People gather around the body of Apiwan Wiriyachai to pay their respects at the Red Shirt’s funeral. This photo was made with available light.
I recently photographed the first day of funeral rites for Apiwan Wiriyachai, a former Deputy Speaker of the House of Representatives in the Thai parliament. It’s always a good idea when you’re using a small flash to get the flash off the camera. Properly done off camera flash makes the light more interesting and more natural. That’s pretty much impossible with the small popup flashes that are on top of most cameras these days or when you’re working in a media pack.
Apiwan’s funeral was a big media event. There were probably 30 photographers gathered around the body photographing as people paid their respects. Most of them were using flash, almost all of them either the small popup flashes built into their cameras or large accessory flashes but all of them, every single one of them, had the flash on the camera.* Most had the flash pointed straight ahead but a few were “bouncing” their flashes off the ceiling. I was working exclusively with available light.
The room was lit by fluorescent tubes and combining fluorescent and flash creates all sorts of color balance issues. I’ve found it’s much easier to edit and do color correction if there’s only one light source in the photo. The base exposure at ISO800 was around f1.8 at between 1/60th and 1/250th (depending on whether people were looking up or down) and Apiwan was covered in a shiny white shawl so I was comfortable working with available light.
A photo from the same sequence as the top photo but a couple of minutes later. My exposure caught the blast of flash from another photographer’s camera. The highlights in this frame are completely blown out, rendering it unusable.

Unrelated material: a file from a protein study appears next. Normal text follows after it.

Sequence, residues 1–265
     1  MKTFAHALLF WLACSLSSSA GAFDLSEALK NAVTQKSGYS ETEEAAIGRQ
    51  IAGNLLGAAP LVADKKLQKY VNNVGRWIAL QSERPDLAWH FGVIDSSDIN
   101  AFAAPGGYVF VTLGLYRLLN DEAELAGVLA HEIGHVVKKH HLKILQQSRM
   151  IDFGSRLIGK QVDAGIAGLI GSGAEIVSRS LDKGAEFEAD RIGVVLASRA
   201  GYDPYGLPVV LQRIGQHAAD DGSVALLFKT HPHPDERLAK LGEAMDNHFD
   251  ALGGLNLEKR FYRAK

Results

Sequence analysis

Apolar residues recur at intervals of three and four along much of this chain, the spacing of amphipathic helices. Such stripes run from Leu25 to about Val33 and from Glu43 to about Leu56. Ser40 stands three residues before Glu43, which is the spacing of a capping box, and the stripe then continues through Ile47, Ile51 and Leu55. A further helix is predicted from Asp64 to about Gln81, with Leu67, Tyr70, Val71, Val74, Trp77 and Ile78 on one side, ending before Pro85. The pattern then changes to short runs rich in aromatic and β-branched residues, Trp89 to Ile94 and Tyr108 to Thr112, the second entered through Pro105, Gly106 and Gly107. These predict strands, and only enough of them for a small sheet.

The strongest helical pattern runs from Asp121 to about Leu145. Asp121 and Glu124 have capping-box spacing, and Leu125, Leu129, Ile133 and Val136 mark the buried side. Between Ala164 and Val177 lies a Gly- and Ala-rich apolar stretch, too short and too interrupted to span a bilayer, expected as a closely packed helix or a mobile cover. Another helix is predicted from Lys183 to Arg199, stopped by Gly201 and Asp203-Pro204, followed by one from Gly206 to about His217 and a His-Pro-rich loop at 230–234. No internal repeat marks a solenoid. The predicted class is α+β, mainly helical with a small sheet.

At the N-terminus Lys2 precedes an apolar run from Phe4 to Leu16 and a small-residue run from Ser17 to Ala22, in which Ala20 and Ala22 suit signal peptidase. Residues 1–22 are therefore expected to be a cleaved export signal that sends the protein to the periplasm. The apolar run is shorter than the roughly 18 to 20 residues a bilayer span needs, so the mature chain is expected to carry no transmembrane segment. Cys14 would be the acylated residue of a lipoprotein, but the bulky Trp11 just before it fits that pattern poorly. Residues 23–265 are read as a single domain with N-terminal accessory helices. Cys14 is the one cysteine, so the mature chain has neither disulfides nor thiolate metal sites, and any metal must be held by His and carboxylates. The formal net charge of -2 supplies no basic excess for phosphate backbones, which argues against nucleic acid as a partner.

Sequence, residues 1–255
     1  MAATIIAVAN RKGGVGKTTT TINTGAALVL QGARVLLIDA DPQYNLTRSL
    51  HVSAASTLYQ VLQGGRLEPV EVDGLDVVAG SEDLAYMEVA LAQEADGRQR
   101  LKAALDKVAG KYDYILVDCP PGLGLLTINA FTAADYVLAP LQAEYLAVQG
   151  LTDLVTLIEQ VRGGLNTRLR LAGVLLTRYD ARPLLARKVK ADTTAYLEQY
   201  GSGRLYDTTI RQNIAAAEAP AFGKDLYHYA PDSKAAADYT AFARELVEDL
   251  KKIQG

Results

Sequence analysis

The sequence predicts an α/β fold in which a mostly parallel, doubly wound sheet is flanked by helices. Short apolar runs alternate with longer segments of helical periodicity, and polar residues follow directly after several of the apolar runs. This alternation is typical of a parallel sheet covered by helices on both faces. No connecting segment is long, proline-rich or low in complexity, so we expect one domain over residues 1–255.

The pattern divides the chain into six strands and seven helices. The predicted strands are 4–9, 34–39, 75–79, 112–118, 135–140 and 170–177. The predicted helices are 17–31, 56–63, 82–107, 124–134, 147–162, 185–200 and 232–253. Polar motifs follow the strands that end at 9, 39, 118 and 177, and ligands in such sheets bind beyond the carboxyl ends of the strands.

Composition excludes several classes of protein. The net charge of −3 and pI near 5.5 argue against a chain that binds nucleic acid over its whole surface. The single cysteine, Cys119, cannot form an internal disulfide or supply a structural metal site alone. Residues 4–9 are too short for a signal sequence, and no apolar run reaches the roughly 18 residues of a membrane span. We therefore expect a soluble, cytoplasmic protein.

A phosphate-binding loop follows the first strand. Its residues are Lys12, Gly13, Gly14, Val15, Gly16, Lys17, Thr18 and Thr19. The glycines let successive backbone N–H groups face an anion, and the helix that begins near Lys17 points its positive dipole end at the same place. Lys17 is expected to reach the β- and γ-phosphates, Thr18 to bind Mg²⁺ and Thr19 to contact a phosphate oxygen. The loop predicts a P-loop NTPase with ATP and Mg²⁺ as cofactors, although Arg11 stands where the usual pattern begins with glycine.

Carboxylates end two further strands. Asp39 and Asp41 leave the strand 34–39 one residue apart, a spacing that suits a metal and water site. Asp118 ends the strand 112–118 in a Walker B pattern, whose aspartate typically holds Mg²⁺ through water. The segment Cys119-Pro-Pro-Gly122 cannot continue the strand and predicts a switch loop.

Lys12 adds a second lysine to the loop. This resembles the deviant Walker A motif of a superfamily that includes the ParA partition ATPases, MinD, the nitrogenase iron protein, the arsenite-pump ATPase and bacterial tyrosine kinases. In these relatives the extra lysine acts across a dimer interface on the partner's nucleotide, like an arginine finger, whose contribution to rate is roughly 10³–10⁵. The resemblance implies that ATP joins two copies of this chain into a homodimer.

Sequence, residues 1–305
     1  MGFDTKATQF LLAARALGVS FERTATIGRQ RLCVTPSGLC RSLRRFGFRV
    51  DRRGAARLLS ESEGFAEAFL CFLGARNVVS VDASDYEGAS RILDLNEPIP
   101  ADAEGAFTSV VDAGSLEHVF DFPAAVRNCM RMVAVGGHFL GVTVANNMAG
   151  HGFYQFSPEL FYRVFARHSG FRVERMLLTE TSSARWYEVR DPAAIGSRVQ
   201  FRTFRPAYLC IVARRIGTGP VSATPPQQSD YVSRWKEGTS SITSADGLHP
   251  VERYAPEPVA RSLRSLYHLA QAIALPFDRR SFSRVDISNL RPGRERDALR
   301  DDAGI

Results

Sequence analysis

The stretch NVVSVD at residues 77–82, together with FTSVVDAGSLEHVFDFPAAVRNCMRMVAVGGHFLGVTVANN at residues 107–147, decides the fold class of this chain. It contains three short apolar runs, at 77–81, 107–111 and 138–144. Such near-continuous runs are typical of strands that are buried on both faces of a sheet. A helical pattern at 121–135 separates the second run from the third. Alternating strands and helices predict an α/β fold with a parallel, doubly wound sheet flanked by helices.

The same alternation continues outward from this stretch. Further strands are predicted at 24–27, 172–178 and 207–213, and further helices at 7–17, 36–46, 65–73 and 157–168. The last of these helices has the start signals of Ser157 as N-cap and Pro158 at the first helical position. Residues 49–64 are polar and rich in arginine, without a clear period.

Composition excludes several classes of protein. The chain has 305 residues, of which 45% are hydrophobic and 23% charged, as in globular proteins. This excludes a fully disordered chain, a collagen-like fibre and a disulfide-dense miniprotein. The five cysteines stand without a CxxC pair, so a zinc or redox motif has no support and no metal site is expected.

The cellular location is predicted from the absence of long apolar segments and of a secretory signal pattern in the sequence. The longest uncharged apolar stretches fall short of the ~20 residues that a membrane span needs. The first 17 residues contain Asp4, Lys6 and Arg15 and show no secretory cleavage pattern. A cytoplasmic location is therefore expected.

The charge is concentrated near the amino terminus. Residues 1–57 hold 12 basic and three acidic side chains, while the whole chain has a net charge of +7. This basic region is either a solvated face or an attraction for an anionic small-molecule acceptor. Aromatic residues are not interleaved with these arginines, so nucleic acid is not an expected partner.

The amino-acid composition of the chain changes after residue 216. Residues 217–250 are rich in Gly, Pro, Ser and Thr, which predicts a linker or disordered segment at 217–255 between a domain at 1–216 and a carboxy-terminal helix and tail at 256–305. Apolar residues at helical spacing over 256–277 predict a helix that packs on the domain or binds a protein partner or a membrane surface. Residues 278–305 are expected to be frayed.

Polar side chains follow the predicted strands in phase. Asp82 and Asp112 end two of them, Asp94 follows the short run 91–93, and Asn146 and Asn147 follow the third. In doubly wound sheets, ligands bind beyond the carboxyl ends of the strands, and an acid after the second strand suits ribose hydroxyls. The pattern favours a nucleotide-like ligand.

As I was working I could see that I was going to have a lot of unusable frames. Other photographers’ flashes were going off with machine gun like rapidity.
A couple of times the flash was just discrete enough that I could piggy back off of it.
Another photographer’s flash in this case helped me. It provided a nice directional light that doesn’t completely overpower the photo. I burned down Apiwan’s white uniform a little in Lightroom.
Seconds earlier, I made this frame, available light.
It’s impossible to predict at the moment that you’re making pictures what effect other people’s flashes will have on your photos. There are a lot of variables.
With the exception of a couple of motion blur photos I made, I was working at f1.8 to f2.2, wide open, or close to it, all day. It doesn’t take as much flash to expose at f1.8 as it does f8. If the photographer whose flash I was piggy backing off was shooting at wider apertures (and putting out less flash) I ended up with an interesting picture. If he (they were all male) was working at f11 or blasting away with the flash, I ended up with a blown out frame.
Available light, I didn’t capture any other flashes in this frame.
Seconds later this frame was ruined by the blast of another photographer’s flash. There is no detail in the white and any attempts to burn it down just turns it an ugly gray.
I could see the flashes going off around me and I knew from experience that I was going to have a difficult time editing. It’s impossible to predict when another photographer’s flash is going to help you and when it’s going to wreck your photo. I made a lot more frames than I normally would have because I was I trying to work around the photographers’ flashes.
* There’s a protocol when you’re working in a media scrum like this. Normally, a professional photographer would get the flash off the camera and either put it on a light stand or hold it out at arm’s length (or ask a nearby civilian to hold it for you). But you don’t have those options when you’re in a scrum. If I hold a flash in my hand and then stick my hand out to get the flash off camera I’m going to end up blocking another photographer’s view. The idea in a scrum is to make yourself as small as possible so you don’t block other photographers.
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